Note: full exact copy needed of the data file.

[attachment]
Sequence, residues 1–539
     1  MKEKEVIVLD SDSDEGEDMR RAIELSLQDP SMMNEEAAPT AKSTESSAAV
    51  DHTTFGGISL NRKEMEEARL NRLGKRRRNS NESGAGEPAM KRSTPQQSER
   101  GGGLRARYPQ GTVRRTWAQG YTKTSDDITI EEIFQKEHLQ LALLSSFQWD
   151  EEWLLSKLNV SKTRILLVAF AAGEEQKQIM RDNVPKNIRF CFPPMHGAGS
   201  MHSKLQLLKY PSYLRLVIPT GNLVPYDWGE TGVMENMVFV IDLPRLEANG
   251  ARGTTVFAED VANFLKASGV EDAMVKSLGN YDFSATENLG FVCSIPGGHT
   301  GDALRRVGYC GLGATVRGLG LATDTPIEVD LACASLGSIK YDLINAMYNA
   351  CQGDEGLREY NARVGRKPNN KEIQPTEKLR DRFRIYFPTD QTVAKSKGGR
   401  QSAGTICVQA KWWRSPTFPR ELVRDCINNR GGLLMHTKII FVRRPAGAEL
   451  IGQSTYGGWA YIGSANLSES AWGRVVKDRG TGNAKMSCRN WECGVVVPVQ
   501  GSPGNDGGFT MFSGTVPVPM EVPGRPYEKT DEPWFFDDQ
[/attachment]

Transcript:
Sequence, residues 1–539
     1  MKEKEVIVLD SDSDEGEDMR RAIELSLQDP SMMNEEAAPT AKSTESSAAV
    51  DHTTFGGISL NRKEMEEARL NRLGKRRRNS NESGAGEPAM KRSTPQQSER
   101  GGGLRARYPQ GTVRRTWAQG YTKTSDDITI EEIFQKEHLQ LALLSSFQWD
   151  EEWLLSKLNV SKTRILLVAF AAGEEQKQIM RDNVPKNIRF CFPPMHGAGS
   201  MHSKLQLLKY PSYLRLVIPT GNLVPYDWGE TGVMENMVFV IDLPRLEANG
   251  ARGTTVFAED VANFLKASGV EDAMVKSLGN YDFSATENLG FVCSIPGGHT
   301  GDALRRVGYC GLGATVRGLG LATDTPIEVD LACASLGSIK YDLINAMYNA
   351  CQGDEGLREY NARVGRKPNN KEIQPTEKLR DRFRIYFPTD QTVAKSKGGR
   401  QSAGTICVQA KWWRSPTFPR ELVRDCINNR GGLLMHTKII FVRRPAGAEL
   451  IGQSTYGGWA YIGSANLSES AWGRVVKDRG TGNAKMSCRN WECGVVVPVQ
   501  GSPGNDGGFT MFSGTVPVPM EVPGRPYEKT DEPWFFDDQ